Asset Management Companies (AMCs) will continue to grow regardless of the blip in the economy as they offer a variety of products for savers and are economical with high governance standards. With interest rates at record low, investors will have to re-deploy savings in other products such as equities, international equities, multi-asset products and precious metals, among others.

Mutual funds will remain the first port of call for investors for diversifying their portfolios, according to Satish Ramanathan, Managing Director and Chief Investment Officer–Equity at JM Financial Asset Management. Excerpts:

How did the second wave of Covid-19 impact Indian economy and financial markets?

We believe that the second wave would have had a higher impact in rural India and consumption recovery may not be as quick as last year. Manufacturing sector was less impacted in the first wave as compared to now. Also, many States have developed their own protocols, delaying the recovery process.

Textiles, auto-ancillary and some of the export-oriented industries have been affected, while the IT sector has been less impacted. IIP has declined sequentially by 13 per cent in April 2021. We expect sequential contraction to continue into May as well, and some stabilisation in June. Similarly, diesel sales—a barometer of economic activity— has also declined by 20 per cent sequentially in May 2021.

Given the unevenness in recovery, which are the sectors that you expect to jump back to normalcy?

In calendar year 2020, it was consumption that rebounded and this time we expect US-based export businesses to pick-up. The US and Europe are likely to enjoy the benefits of a recovery due to mass vaccination drives. Consequently, we expect industries such as IT to do well and manufacturing in segments such as home textiles among others to pick up. Agriculture is also doing well and will continue to do so on the back of a good monsoon expected this year.

Do you see a churn in the AMC space?

The AMC space will see innovation and growth. Individual participants may have their own reasons to enter or exit the space. The penetration of mutual funds is still limited and it will take time as a new set of investors (younger entrants into the workforce) start deploying their savings.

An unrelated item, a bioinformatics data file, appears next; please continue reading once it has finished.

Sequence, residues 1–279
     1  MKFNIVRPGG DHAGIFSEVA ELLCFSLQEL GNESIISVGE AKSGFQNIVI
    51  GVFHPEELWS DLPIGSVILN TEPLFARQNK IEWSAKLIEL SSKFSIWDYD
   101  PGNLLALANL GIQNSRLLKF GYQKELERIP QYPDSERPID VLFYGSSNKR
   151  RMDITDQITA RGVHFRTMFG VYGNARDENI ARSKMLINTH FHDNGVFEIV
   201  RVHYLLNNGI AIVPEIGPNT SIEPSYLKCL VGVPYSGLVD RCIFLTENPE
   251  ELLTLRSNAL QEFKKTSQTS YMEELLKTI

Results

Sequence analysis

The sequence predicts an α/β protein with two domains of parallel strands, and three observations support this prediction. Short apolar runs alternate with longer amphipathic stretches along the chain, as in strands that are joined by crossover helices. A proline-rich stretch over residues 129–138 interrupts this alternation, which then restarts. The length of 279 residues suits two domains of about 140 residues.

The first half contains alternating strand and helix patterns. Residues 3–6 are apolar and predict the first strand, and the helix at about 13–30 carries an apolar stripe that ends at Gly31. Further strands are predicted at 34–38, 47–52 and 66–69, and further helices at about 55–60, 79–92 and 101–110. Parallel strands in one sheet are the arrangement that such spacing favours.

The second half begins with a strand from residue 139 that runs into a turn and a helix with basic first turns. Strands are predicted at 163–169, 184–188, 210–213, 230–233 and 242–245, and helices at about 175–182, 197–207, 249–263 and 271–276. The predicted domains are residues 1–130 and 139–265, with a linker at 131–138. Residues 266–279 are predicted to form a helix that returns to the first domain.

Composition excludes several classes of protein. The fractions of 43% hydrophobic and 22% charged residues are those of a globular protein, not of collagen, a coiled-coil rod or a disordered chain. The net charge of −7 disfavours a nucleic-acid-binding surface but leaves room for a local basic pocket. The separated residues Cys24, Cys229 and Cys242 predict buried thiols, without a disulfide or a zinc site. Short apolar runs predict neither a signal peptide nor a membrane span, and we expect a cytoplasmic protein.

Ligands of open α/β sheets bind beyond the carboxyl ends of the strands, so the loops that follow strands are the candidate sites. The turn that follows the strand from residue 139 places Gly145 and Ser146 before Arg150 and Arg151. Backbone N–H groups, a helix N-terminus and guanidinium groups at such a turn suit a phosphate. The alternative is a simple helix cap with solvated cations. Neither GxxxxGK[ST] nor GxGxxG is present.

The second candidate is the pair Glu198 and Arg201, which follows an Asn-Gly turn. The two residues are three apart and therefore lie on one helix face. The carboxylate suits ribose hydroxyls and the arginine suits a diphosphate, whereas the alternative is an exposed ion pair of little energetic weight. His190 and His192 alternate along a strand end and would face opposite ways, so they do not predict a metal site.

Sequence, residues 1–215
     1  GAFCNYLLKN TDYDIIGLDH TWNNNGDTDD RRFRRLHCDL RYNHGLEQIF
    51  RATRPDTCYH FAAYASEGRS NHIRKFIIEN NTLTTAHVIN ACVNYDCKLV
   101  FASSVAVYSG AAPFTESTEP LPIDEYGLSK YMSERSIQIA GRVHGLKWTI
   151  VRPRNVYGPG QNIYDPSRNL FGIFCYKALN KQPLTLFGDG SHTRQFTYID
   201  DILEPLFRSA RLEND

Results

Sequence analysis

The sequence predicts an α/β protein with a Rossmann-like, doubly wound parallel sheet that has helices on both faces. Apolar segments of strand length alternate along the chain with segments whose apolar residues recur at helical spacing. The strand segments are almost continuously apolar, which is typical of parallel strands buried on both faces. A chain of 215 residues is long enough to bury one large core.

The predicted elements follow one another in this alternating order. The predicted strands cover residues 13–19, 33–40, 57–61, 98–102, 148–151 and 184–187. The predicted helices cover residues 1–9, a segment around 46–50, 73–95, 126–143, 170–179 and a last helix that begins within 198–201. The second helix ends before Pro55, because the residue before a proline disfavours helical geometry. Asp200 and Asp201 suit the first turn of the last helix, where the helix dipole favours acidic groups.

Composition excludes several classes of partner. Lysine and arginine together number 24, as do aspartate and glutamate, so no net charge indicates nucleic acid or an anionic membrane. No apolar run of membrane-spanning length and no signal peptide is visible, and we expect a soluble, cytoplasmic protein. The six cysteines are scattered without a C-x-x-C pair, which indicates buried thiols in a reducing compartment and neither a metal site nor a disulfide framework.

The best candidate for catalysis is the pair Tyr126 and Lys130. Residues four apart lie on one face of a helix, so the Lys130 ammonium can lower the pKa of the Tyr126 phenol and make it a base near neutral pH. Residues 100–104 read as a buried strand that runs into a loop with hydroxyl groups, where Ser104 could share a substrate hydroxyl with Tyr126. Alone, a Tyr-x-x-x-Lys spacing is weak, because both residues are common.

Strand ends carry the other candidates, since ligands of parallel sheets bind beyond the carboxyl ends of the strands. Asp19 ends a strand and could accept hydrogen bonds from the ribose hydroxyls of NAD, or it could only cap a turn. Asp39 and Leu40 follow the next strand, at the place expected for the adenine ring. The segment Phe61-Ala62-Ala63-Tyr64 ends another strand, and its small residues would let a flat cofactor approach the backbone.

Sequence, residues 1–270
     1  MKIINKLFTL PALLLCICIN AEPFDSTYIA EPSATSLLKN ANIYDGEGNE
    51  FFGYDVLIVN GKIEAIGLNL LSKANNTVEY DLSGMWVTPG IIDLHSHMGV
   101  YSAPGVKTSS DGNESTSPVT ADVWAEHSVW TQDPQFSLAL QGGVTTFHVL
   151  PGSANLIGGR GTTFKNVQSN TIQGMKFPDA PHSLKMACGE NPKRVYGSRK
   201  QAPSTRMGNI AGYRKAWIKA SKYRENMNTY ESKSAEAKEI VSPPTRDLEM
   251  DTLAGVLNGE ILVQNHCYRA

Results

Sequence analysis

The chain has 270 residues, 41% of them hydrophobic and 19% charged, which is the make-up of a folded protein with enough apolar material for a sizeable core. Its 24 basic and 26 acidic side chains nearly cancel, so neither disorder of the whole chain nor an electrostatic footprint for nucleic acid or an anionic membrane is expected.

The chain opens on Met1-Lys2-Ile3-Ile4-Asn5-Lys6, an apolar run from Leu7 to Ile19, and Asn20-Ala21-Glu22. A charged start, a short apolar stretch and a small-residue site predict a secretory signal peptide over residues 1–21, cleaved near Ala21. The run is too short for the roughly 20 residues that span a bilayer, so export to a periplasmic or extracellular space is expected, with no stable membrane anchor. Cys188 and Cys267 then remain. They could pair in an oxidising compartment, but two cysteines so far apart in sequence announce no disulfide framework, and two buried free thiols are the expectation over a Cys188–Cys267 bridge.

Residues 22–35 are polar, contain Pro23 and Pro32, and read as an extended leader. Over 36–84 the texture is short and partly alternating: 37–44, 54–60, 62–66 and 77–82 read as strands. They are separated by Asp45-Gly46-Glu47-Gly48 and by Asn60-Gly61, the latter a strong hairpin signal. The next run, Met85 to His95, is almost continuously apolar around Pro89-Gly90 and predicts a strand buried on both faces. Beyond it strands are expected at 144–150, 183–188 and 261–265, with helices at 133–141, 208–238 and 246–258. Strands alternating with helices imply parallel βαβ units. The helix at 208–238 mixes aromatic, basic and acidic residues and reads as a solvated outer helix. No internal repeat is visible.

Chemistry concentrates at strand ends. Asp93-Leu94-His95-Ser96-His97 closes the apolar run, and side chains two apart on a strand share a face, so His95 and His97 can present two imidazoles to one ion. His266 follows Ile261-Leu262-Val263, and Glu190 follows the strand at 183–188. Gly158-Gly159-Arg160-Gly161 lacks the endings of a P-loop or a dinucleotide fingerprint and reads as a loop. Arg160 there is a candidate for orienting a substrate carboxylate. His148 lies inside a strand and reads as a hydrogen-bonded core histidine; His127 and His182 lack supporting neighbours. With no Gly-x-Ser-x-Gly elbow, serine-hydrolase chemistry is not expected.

With bank deposit rates at levels below inflation, investors will accept more risk for additional return and we sense mutual funds with a professional management at the helm could fill in the gap. There may be shifts within the mutual fund space – exchange traded funds (ETFs) and offshore funds among others, but all in all, we remain optimistic about this category of savings.

We (JM Financial Asset Management) are exploring several innovative strategies for investors in both equity and debt formats. Some of the options include sectoral funds and global funds.

Which strategy would you suggest — ‘chasing a winning stock’ or ‘building a winning portfolio’?

Our stock-picking strategy is to look at the fundamentals of a business and determine the suitability of the company in our portfolio. The business should be sustainable, grow organically, generate adequate cash flows to repay debt, pay dividends, grow the business and also be fairly valued.

We do not really bind ourselves to whether the stock has performed earlier when it comes to our decision to buy or not. From our point of view, we focus on building a winning portfolio. Focussing on the basics really helps in filtering the noise so prevalent in the market.

We have noticed that there are several new businesses which have grown in the past decade. Some of them have had staggering profit growth –be they in water pipes or NBFCs. Our focus has always been to identify these businesses early and grow with them.

Will the ESG concept have an increasing role in the investment decisions of fund managers in times to come as is seen in the developed markets?

We believe that ESG will become intrinsic to our stock-selection process. We need to bear in mind that India does not have the luxury of the developed world when it comes to the environment aspect. We need hard commodities to build our infrastructure which may not be environment-friendly. So, do we stop building our infrastructure? This is a question that we need to answer along the way.

Fortunately, as investors, we have the choice to move to the services sector which is highly compliant as regards ESG. Over the medium term, ESG-compliant companies are more sustainable and also result in superior performance.